Scramblers are bikes that sit squarely in the love-em-or-hate-em spectrum of design. For some, they are the most beautiful bikes you can find. For others, they are silly and not entirely practical motorcycles that try to fit in a niche already stuffed full of ADV and dual-sport bikes.
Whatever side of the spectrum that one’s opinion lands on, there have been some designs over the years that just look good. As in, properly, desirably good. The kind of design that makes you stop, turn around and crouch down next to the bike to inspect the more intricate bits about it.
The original idea of a scrambler, way back in the day when motorcycles were just motorcycles and didn’t have sub-categories, was that of a road bike with the valuable bits that could get dinged offroad moved up on the bike. High tailpipes, longer suspension travel, decent ground clearance, all while still keeping the essence, the character of the bike intact.
We here at BadAss sit mostly in the love-em category, and as such, we thought we’d take the time to share with you what our favorite scramblers are that are still available to buy lightly used.
BMW R NineT Scrambler
The BMW R NineT Scrambler is quite literally the image that one would find in a dictionary next to the words “scrambler motorcycle.” It has the lines, the rugged good looks, the aggressive rake of the R NineT heritage line, but then you notice the exhaust headers are tucked tight up to the engine, and the exhaust itself is a good foot above where it usually sits.
Knobby tires and the sealed front forks also talk to the ability of this boxer twin-engined bike to get down and dirty if it needs to. But if you don’t need to go off-road, you’ll still have an R NineT to carve some canyon roads on, or survive the urban jungle and commute with. We think it just looks badass.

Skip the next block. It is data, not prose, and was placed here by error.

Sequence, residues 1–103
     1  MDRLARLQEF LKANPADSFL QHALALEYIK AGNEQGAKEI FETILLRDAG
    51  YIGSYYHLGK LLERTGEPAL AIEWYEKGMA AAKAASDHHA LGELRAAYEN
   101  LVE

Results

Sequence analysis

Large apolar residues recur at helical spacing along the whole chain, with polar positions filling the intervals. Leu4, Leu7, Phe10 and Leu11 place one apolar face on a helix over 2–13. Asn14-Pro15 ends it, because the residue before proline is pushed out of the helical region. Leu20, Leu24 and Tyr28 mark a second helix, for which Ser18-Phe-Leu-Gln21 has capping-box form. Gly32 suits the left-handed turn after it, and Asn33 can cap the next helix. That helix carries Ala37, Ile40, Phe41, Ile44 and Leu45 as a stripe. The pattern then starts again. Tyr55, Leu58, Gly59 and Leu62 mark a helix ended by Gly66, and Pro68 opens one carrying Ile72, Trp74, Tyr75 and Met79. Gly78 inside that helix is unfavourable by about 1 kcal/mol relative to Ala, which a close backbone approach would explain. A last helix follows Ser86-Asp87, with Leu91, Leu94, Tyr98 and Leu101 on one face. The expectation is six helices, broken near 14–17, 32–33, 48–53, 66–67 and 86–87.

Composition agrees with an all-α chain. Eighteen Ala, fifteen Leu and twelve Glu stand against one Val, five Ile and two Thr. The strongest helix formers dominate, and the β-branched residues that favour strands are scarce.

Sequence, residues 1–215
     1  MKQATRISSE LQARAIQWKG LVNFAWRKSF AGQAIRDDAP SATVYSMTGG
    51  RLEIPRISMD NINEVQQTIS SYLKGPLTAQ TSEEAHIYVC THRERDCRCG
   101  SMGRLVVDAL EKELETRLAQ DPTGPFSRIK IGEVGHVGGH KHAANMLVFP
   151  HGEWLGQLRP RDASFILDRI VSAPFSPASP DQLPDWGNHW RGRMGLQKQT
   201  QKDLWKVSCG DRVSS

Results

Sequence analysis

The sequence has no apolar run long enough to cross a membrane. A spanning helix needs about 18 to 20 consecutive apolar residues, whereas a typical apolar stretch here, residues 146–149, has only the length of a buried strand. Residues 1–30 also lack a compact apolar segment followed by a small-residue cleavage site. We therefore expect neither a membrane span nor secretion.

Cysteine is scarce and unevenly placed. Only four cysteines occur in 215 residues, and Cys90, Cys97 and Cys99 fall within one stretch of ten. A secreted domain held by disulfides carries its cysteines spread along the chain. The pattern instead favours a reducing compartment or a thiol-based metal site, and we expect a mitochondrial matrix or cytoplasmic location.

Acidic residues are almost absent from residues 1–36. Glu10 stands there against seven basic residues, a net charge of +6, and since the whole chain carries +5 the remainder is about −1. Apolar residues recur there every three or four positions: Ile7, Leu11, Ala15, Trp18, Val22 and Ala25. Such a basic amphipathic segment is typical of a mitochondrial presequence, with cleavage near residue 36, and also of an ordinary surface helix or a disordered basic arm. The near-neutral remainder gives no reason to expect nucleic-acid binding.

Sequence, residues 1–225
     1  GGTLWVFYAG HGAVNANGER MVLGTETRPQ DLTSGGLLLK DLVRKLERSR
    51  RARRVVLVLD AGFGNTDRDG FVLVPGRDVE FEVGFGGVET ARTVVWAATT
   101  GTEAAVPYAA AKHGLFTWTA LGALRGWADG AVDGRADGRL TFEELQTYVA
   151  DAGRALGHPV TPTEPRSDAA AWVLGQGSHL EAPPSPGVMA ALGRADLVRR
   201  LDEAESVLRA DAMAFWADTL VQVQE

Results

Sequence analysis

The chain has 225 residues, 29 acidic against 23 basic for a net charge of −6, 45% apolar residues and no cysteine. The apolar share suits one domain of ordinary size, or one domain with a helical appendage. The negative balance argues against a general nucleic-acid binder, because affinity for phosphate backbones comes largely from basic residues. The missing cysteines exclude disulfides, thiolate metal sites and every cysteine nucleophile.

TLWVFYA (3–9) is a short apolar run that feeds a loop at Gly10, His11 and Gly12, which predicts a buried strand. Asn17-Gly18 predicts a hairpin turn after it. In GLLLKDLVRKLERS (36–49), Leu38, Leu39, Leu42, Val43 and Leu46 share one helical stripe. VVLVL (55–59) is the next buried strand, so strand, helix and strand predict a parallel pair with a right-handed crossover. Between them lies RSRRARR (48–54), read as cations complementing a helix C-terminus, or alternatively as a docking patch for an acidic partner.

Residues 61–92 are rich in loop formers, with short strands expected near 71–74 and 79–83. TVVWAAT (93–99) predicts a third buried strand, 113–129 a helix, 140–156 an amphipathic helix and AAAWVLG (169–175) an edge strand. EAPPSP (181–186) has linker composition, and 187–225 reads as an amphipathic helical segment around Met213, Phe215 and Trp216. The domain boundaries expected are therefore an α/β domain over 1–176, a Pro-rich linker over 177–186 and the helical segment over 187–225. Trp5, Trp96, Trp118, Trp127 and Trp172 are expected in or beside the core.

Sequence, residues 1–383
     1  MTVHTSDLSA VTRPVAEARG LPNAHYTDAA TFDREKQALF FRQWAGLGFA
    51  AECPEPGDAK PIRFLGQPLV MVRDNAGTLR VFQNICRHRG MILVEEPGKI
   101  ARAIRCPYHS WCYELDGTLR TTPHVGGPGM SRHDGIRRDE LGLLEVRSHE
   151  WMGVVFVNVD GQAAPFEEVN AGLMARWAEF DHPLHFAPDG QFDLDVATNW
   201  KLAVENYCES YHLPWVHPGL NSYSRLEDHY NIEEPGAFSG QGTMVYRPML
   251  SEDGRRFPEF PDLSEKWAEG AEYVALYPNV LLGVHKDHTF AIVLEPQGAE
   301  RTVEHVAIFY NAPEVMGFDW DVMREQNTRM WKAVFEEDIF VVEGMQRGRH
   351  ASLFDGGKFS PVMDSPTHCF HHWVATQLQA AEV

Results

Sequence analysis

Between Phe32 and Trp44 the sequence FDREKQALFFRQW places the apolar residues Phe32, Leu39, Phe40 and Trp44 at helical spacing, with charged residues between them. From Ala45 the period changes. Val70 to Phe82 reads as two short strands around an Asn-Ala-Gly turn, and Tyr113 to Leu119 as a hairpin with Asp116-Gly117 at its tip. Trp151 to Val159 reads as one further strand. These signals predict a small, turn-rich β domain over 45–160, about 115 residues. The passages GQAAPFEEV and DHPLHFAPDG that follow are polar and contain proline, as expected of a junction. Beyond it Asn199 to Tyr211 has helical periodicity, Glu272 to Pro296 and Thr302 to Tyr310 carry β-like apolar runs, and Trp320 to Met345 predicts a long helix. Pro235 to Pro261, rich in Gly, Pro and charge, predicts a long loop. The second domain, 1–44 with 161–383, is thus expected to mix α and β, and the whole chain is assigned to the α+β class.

The 2020 version starts at $12,995.
Moto Guzzi V7 III Rough
Utterly and classically Italian, the Moto Guzzi V7 III Rough has a great name and a great look. We love the quirky and different bikes here, and the transversely mounted v-twin of the Moto Guzzi V7 III has always brought one of those little grins to our faces.
The Rough doesn’t have the raised exhaust one would like to see on a scrambler, but everything else ticks off all the right boxes. Big, knobby tires. Sealed forks. Extra suspension height in the rear. A no-nonsense paint job that is applied a little thicker to be more durable. And the stylish side bash plates with the “Rough” script on them bring out that little grin again.
The V7 III Rough starts at $9,190
Husqvarna Svartpilen 401
The Husqvarna Svartpilen 401 (and bigger brother 701) is a scrambler style bike that wants to get down to the job, and not mince words about it. The styling is aggressive and in your face, the exhaust is big and barks when you rev-match for your downshifts, and the visible suspension for the rear wouldn’t look out of place on a car, let alone a bike.
Husqvarna bills the bike as an entry-level commuter and urban explorer bike, but we know it’s just their marketing speak for “go have some fun on this beast.” The lowered handlebars, the single-seat, the pegs strong enough for a rhinoceros to stand on… this thing is meant to get scrambling.
The 2020 Svartpilen 401 starts at $6,399
Ducati Scrambler 1100 Sport